The hospital chain’s board has fixed a floor price of ₹2,508.58 apiece for the share sale, based on Sebi’s pricing formula for such transactions
Investment banks Bank of America, Axis Capital, JP Morgan and Kotak Mahindra Capital are advising the company on the share sale
Mumbai: Eyeing inorganic growth, debt reduction and investment in building digital capabilities, India’s largest private hospital chain Apollo Hospitals Enterprise Ltd on Monday launched a so-called qualified institutional placement (QIP) offering, to raise as much as Rs1,000 crore by selling shares to institutional investors.
A QIP is a fundraising route used by listed companies to raise funds by selling equity and equity linked instruments to only institutional investors.
The hospital chain’s board has fixed a floor price of Rs2,508.58 apiece for the share sale, based on the Securities and Exchange Board of India’s pricing formula for such transactions. Companies are allowed to offer up to 5% discount on the floor price to prospective investors.
According to the terms of the deal, seen by Mint, the company is looking to offer its shares in a price range of Rs2,457 to Rs2,511 per share, a discount of 3.77% - 5.84% to the closing price of Rs2,609.25 on the NSE on Monday.
Investment banks Bank of America, Axis Capital, JP Morgan and Kotak Mahindra Capital are advising the company on the share sale.
Apollo Hospitals will use the funds raised to acquire a 50% stake in a joint venture, seek inorganic growth opportunities, as well as look to pare down debt from its balance sheet.
“Our company proposes to utilize the net proceeds for: financing, in part, acquisition of the 50% equity stake held by Gleneagles Development Pte. Ltd. (GDPL) in Apollo Gleneagles Hospital Limited (AGHL), pursuant to the share purchase agreement dated November 11, 2020 executed among our company, GDPL and AGHL for an aggregate purchase consideration of Rs410 crore," said an offer document filed by the company with the stock exchanges.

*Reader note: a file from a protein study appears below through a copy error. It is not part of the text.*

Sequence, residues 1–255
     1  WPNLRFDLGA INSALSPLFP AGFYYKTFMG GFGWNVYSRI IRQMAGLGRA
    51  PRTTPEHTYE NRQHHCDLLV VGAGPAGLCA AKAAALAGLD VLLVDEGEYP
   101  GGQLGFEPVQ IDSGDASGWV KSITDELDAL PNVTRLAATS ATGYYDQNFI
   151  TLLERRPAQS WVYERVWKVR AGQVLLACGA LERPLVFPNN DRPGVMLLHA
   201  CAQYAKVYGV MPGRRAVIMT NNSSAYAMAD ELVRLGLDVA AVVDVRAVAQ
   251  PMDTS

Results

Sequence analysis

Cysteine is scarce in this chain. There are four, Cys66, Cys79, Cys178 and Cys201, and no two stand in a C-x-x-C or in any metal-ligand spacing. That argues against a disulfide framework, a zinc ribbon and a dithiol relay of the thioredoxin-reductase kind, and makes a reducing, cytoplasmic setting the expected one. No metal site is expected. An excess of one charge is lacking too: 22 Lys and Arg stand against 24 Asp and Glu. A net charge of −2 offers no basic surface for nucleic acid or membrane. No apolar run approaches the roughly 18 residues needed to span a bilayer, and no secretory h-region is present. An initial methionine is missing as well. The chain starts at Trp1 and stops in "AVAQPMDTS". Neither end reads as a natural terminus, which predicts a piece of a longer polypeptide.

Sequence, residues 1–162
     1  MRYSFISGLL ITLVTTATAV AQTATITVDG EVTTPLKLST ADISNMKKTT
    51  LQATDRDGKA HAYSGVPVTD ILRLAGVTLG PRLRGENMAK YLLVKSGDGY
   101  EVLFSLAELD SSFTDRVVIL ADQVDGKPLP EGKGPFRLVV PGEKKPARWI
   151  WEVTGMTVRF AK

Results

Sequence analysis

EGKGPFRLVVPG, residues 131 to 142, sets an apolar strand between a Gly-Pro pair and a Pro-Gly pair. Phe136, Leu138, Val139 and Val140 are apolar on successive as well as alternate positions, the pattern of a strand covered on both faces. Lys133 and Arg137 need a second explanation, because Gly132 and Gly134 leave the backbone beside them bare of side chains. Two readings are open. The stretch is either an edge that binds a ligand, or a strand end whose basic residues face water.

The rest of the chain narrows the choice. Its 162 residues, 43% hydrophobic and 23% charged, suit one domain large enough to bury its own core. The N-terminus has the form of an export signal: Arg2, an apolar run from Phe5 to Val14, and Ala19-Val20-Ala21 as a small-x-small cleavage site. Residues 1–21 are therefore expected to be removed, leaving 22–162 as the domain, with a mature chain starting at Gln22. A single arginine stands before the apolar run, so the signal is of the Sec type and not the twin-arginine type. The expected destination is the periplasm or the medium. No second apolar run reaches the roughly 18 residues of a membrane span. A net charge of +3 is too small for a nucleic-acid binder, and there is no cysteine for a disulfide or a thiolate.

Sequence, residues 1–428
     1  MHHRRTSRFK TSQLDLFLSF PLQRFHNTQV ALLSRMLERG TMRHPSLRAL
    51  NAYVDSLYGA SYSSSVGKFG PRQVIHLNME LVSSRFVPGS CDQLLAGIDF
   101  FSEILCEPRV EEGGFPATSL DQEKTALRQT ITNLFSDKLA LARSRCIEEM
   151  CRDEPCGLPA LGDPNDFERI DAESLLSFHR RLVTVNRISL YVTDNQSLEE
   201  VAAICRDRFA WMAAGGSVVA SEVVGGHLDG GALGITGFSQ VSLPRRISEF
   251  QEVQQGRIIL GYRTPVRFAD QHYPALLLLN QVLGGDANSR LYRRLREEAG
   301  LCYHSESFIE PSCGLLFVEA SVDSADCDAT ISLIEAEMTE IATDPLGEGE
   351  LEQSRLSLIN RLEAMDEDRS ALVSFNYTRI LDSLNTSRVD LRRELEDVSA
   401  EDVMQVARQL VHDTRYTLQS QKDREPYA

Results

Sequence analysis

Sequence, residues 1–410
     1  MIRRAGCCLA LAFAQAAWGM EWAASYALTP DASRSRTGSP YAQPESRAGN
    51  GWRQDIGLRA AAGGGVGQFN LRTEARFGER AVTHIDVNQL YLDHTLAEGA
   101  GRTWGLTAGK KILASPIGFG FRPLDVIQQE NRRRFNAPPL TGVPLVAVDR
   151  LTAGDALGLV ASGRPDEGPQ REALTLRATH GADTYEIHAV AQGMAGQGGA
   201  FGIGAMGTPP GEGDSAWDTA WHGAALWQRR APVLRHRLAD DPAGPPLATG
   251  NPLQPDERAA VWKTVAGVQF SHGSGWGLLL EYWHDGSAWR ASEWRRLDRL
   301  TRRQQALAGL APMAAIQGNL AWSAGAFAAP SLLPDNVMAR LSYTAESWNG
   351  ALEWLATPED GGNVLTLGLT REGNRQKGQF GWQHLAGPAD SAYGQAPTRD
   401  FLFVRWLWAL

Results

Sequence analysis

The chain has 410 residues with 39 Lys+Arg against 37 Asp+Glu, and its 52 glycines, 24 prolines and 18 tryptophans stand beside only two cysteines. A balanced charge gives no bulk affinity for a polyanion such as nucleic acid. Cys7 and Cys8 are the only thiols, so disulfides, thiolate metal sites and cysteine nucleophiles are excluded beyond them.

Funds will also be used to invest in technological and digital initiatives, including enabling the development of Apollo Hospital’s digital platform Apollo 24/7 into a comprehensive, integrated healthcare system and/or strengthening our other digital platforms for an amount not exceeding Rs1,50 crore, the offer document said.
As of 30 November, Apollo Hospitals bed capacity stood at 10,209 beds in 71 hospitals located across India and overseas.
For the six months ending 30 September, Apollos Hospitals reported revenue from operations at Rs4,932.2 crore, a drop of almost 9% from the revenue of Rs5,412.6 crore reported in the same period in 2019, reflecting the impact of the covid-19 pandemic. The hospital chain’s bottom line was impacted more severely, with the company reporting a loss of Rs167.4 crore in the six months ending 30 September, as compared to a profit of Rs132.3 crore in the same period in 2019.
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